5 – 5 – 5 – 5 – 5
Take your time, don't rush through it, and post a new 5RM today!
Ahhh the back squat. Love it or hate it, the back squat is a fantastic movement. It's one of those movements that gives us so much benefit, and it translates well to many other movements. Check out what Rippetoe has to say in Starting Strength:
The back squat is literally the only exercise in the entire repertoire of weighted human movement that allows the direct training of the complex movement pattern known as hip drive. The posterior chain is a term that refers to the muscles that produce hip extension – straightening-out of the hip joint from its flexed (or bent) position in the bottom of the squat. The muscles that accomplish hip extension are the hamstrings, the glutes, and the adductors or groin muscles, and together these are referred to as the posterior chain. The initial movement up out of the bottom of a full squat is hip drive, and is best thought of as a shoving-up of the sacral area of the lower back, the area right above your butt. This is the hardest thing to teach in my preferred method of squatting, and by far the most important.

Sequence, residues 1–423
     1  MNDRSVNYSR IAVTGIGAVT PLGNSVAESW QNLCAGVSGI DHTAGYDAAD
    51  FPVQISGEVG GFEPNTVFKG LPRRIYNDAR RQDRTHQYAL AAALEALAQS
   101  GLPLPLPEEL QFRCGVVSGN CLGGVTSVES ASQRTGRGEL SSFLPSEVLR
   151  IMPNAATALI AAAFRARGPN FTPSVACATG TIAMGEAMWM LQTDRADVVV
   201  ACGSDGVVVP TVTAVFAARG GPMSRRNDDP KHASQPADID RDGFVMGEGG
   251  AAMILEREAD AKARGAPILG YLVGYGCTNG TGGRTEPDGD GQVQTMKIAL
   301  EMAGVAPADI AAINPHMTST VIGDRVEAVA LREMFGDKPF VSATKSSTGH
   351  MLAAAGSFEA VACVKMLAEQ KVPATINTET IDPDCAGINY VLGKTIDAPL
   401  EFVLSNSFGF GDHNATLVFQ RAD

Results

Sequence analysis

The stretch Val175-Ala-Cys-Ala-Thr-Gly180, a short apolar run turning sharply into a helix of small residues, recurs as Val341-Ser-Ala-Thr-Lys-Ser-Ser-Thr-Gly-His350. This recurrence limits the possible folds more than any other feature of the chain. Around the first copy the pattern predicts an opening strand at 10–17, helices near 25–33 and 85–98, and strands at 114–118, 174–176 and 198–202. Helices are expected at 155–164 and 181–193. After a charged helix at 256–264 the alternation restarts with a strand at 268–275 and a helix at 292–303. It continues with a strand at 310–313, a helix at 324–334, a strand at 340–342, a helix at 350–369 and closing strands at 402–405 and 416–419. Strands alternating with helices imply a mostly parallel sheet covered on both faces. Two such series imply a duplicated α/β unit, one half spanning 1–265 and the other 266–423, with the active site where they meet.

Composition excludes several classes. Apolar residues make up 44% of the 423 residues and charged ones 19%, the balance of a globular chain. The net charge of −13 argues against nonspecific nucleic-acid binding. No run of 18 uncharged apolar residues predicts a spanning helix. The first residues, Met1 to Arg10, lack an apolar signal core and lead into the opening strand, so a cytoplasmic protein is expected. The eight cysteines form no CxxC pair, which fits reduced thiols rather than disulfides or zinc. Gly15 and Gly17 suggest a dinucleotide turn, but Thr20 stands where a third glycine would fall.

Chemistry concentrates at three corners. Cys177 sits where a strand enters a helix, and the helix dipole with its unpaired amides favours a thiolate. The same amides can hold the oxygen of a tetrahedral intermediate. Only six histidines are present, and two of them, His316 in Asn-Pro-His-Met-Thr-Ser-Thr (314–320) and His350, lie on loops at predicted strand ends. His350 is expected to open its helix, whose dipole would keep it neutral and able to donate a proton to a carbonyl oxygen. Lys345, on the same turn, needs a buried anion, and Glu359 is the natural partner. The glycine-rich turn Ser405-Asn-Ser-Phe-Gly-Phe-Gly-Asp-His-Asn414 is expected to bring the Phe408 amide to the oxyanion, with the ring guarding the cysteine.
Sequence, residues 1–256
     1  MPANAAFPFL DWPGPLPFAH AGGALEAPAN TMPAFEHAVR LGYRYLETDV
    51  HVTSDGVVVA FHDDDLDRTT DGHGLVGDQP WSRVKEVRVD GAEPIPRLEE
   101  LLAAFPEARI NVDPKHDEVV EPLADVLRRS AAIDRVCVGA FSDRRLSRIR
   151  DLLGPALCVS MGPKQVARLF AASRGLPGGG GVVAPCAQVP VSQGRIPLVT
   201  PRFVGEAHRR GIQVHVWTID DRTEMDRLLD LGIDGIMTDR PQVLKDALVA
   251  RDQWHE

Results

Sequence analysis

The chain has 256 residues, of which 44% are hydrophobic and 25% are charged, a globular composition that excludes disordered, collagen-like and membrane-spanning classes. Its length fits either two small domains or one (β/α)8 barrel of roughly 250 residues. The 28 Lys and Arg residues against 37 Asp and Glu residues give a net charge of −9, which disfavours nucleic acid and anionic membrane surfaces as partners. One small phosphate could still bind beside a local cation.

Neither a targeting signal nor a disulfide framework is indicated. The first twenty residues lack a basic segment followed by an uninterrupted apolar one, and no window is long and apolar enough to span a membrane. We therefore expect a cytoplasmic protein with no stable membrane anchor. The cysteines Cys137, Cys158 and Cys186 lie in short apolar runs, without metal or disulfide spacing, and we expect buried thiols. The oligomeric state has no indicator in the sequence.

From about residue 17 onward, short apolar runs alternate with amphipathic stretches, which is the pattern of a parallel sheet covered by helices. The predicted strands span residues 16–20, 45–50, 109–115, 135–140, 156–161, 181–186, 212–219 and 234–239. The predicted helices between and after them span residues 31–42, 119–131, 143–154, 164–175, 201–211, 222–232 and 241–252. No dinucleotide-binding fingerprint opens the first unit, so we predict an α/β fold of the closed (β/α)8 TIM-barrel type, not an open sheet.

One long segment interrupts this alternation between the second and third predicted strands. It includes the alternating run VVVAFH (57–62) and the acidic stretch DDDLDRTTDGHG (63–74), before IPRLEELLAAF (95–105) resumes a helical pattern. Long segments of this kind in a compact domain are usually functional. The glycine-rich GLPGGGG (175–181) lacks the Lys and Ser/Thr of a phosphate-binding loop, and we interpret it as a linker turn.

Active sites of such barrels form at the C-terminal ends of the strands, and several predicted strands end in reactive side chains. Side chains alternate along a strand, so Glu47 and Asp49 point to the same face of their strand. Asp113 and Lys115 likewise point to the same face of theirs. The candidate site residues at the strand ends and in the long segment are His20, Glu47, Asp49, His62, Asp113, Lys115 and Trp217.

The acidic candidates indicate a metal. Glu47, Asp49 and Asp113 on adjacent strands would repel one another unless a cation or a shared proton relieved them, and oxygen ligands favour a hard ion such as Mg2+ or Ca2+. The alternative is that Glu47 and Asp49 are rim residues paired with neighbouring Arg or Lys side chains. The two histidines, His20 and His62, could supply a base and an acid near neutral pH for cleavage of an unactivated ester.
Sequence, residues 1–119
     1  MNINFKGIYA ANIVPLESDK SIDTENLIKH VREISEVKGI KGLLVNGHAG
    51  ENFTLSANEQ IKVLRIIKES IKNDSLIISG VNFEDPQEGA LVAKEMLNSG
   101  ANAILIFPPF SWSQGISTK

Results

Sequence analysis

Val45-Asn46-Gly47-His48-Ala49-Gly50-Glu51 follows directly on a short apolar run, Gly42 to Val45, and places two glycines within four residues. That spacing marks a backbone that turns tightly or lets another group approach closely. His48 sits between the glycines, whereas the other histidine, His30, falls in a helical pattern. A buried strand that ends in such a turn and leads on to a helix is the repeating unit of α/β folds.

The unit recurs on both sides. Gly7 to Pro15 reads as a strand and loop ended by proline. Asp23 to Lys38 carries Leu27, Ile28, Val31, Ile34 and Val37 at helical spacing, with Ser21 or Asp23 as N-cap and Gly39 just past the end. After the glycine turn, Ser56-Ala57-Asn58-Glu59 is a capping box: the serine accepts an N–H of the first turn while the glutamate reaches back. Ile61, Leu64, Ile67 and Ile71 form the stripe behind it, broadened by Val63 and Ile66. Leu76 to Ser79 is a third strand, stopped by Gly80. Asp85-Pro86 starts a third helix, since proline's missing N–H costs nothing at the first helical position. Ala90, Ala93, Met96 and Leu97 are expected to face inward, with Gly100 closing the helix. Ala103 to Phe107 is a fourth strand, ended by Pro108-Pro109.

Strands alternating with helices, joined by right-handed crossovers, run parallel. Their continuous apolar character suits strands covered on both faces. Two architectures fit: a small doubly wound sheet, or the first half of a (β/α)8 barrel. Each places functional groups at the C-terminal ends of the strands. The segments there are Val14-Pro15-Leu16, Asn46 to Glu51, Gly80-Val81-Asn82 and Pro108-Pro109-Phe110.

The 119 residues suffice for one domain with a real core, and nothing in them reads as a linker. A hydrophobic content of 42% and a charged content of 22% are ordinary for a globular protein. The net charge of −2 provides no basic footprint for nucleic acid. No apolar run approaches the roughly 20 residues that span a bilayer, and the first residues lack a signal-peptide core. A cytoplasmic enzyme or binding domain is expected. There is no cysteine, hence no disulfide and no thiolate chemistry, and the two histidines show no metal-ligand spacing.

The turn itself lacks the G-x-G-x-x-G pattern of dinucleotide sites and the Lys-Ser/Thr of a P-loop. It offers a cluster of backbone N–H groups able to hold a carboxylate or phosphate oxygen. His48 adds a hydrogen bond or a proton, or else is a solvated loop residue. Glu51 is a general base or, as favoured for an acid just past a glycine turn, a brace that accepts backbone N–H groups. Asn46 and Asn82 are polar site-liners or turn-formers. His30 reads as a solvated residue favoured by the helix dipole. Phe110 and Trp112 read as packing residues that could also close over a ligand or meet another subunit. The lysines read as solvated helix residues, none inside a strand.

This is because the squat is the only exercise in the weight room that trains the recruitment of the entire posterior chain in a way that is progressively improvable, and that is one of the things that makes the squat the best exercise you can do with barbells and, by extension, the best strength exercise there is. These important muscles contribute to jumping, pulling, pushing, and anything else involving the lower body. The squat trains the posterior chain more effectively than any other movement that uses them because none of the other movements involve enough range of motion to use them all at the same time, and none of them work this long range of motion by preceding their contraction with an eccentric lowering, which produces a stretch-shortening cycle or stretch reflex.
See, Rip thinks the squat is awesome, so it is. That's truth right there. Go big today!